On a rocky hill in a remote area of northern Benin, there are four villages which share an interesting feature. The inhabitants arrived here in the second half of the eighteenth century from different regions of Togo, Ghana, Burkina Faso, and Niger.
They were all running away from the gangs of slave hunters coming from the Kingdom of Dahomey and the Ashanti Empire. The refugees found a natural fort in these hills, steep and rocky, full of natural caves, and with a commanding view of the surrounding area. They built their villages, living with the other ethnic groups without fear. All paths leading to the villages are blocked by stone walls, built to stop mounted hunters and offer defending archers a shelter from which to shoot their arrows undisturbed. In time, they became known as the Taneka.
The Taneka have always been aware of their origin. They are proud of it, and do not forget the traditional rituals of the different places they come from. At the same time, they developed a common culture. Among them, respecting the elders is still an important value. The Taneka kept their traditional dress; but they also wear modern clothes like t-shirts. And even though rectangular buildings with metal roofs are now common, no one would dream of celebrating significant life events in them. Only round huts, built according to the traditions, are used for such celebrations.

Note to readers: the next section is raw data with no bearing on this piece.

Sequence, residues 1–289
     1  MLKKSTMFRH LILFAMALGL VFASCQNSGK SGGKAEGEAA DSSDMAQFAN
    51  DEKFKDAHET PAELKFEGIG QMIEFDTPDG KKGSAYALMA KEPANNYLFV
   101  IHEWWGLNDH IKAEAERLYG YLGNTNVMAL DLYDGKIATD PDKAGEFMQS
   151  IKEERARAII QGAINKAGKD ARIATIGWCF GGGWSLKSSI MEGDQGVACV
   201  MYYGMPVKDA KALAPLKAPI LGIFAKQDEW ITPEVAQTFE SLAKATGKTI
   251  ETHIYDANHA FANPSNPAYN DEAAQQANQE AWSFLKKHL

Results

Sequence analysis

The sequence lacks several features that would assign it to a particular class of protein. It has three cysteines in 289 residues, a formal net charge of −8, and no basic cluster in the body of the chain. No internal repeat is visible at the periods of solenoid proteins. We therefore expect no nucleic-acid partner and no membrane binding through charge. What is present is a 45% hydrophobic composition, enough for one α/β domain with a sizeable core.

Up on the hill, overlooking the villages, there is a cave called Varun. It is a sacred space; sacrifices are offered there. A legend holds that during the slave raids, the people hid inside the cave. They were from different tribes and spoke different languages initially — but when they left the cave, they all spoke one language. The metaphor is clear: the spirit of solidarity and the will to live together moulded them into one people, overcoming the differences that distinguished each group. The Taneka are proud of their different backgrounds; but this potentially divisive feature is alleviated by the mentoring system in place. In this system, people of the same age are grouped together, and their friendship keeps them together irrespective of ethnic origin. Each Taneka chooses a godson — from a different clan — and begins a mentoring relationship that will last until the older person’s death. Throughout their lives, the two meet regularly, looking to each other for mutual advice and support. In this way, more interweaving links are created.
The Taneka do not have an origin myth. They are very aware that they are the product of a historical evil — one that could be defeated only through unity. But they do have a plan for the future. Alongside the common rituals, the feasts, and the prayers, each person clings on to the dances and funeral rites of the ethnic group they belong to. And so departing from this world becomes a passage that finds its roots in a long-gone past. When you make a basket, they say, you interweave reeds to make it strong. By interlocking their histories, their rituals, and their relationships, the Taneka have formed a new people. They founded a society where each has a place equal to the others. A society founded on a common pact to walk together for the future.